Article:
One of the many interesting topics that came up during our webcast “Rule 10b5-1 & Buybacks: Practical Impacts of SEC’s Proposals” earlier this week (a replay is now available and a transcript will be coming soon) was whether companies should review and update their insider trading policies now given the SEC’s proposed disclosure requirement in Item 408(b) of Regulation S-K. Proposed Item 408(b) of Regulation S-K would require companies to disclose whether the company has adopted insider trading policies and procedures governing the purchase, sale, and other dispositions of the company’s securities by directors, officers, and employees or the company itself that are “reasonably designed to promote compliance with insider trading laws, rules, and regulations, and any listing standards applicable to the issuer.” If a company has not adopted such insider trading policies and procedures, the company must explain why it has not done so, and if the company has adopted insider trading policies and procedures, it must disclose such policies and procedures.
I note that yesterday the SEC took the unusual step of posting a new version of the Rule 10b5-1 and Insider Trading proposing release and removing the prior version from the website. There is no indication of why the old version was replaced. The original version of releases that are posted on the SEC’s website are sometimes replaced with corrected versions to conform to the Federal Register version, but that does not appear to be the case in this instance because the website does not indicate that the proposing release has been published in the Federal Register.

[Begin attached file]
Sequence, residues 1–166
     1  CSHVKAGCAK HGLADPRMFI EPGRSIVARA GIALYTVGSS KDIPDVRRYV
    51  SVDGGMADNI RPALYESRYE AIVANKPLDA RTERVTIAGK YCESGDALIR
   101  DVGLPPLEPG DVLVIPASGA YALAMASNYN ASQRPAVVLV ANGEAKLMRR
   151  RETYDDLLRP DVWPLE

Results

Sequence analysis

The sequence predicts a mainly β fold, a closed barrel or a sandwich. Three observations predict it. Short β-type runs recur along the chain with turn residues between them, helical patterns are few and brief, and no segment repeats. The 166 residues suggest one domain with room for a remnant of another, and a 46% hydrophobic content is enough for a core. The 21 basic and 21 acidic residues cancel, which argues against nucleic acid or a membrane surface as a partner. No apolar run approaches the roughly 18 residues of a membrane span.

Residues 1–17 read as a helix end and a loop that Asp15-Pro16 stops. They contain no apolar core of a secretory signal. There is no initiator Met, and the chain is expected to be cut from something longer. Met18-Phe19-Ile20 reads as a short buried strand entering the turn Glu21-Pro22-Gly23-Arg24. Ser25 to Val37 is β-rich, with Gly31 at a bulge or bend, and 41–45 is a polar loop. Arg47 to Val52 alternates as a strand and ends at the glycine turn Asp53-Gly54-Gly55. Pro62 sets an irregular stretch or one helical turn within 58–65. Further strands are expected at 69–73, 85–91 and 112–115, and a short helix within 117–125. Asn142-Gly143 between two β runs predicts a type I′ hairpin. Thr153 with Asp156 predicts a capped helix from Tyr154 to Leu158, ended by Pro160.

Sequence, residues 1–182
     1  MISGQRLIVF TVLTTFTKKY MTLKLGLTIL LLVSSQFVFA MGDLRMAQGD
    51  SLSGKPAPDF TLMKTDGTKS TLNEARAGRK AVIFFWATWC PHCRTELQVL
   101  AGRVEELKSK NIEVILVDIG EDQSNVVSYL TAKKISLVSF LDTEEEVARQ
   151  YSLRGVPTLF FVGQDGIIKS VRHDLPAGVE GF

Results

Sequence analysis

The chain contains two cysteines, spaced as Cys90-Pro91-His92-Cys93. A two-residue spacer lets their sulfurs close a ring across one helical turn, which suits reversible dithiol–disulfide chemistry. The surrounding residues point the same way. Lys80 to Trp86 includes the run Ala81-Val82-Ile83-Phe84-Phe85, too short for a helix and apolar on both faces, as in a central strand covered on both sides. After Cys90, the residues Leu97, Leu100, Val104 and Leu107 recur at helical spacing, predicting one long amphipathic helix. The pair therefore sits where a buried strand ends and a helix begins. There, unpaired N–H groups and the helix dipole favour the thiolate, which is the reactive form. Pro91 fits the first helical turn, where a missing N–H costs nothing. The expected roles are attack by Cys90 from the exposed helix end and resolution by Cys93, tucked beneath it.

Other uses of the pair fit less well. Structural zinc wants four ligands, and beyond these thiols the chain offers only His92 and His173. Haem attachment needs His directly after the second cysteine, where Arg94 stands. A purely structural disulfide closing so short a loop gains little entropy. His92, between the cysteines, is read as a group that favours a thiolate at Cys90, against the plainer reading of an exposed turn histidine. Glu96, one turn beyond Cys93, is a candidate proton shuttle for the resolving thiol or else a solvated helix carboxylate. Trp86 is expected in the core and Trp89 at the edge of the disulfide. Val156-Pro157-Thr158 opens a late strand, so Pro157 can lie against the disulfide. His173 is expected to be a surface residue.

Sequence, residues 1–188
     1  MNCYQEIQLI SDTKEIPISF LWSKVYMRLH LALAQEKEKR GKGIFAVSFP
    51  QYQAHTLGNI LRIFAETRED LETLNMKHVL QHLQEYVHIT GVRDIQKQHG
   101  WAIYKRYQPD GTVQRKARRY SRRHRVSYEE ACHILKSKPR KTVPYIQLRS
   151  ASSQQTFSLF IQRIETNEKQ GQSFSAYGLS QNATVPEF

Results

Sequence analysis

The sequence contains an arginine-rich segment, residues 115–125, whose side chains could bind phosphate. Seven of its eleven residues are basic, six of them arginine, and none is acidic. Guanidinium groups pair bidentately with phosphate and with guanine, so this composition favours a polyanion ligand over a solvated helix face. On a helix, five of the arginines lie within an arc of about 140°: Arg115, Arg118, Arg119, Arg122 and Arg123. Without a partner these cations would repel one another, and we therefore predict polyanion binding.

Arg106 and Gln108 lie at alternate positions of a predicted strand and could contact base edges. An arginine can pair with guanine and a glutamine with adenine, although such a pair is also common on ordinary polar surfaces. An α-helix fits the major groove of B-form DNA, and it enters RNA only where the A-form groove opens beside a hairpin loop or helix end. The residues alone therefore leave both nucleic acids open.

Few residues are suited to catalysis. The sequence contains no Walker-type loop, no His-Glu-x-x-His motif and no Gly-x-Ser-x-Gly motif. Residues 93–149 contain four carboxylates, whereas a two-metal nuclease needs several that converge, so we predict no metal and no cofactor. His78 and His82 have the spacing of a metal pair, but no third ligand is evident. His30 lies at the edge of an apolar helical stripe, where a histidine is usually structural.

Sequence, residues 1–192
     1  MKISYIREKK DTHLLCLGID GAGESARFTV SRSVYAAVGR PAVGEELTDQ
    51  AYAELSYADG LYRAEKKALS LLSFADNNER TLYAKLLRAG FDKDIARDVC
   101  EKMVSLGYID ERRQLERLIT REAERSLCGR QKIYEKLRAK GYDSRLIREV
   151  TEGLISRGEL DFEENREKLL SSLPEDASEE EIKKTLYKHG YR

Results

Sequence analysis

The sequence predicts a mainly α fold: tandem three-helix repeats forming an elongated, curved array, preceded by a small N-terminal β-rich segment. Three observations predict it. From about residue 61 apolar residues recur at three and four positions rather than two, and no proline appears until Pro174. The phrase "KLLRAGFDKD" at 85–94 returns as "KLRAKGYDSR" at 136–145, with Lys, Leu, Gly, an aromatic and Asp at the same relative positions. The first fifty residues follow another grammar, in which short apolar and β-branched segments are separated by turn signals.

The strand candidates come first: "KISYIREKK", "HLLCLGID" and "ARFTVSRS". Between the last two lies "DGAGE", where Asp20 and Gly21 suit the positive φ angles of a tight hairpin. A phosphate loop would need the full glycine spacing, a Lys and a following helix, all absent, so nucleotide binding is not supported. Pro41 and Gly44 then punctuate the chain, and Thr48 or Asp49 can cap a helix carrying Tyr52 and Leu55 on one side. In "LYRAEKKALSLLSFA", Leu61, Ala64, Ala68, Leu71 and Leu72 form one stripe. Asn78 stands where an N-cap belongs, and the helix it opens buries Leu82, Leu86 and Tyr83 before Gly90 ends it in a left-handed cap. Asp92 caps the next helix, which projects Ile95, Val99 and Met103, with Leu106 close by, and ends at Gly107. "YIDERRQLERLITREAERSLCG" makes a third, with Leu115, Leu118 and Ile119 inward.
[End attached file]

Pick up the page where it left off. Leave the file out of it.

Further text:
As we discussed during the webcast, there are a few areas that companies may want to revisit now in their insider trading policies:
- The treatment of bona fide gifts – in the proposing release, the SEC says the disclosure “could address not only policies and procedures that apply to the purchase and sale of the registrant’s securities, but also other dispositions of the issuer’s securities where material nonpublic information could be misused such as, for example, through gifts of such securities.”
- The approach to monitoring material nonpublic information – in the proposing release, the SEC mentions as a potential disclosure item “information on the issuer’s process for analyzing whether directors, officers, employees, or the issuer itself when conducting an open-market share repurchase have material nonpublic information.”
- The preclearance process – in the proposing release, the SEC mentions as a potential disclosure item “the issuer’s process for documenting such analyses and approving requests to purchase or sell its securities.”
- The policy’s compliance mechanisms – in the proposing release, the SEC mentions as a potential disclosure item “how the issuer enforces compliance with any such policies and procedures it may have.”
One of the perennial challenges with updating insider trading policies is trying to benchmark a company’s policies against those of other companies, because only some companies voluntarily choose to post their insider trading policies on their website. Over the years, we have often conducted surveys about practices around things like trading restrictions and to whom within the organization the various aspects of the policy apply, as well as other areas of common interest, but it is usually impossible to get a picture of the entire landscape from the voluntary disclosures and survey results. As a result, if Item 408(b) were adopted, it would probably go a long way to helping companies get a handle on what their peers are doing in their insider trading policies.
– Dave Lynn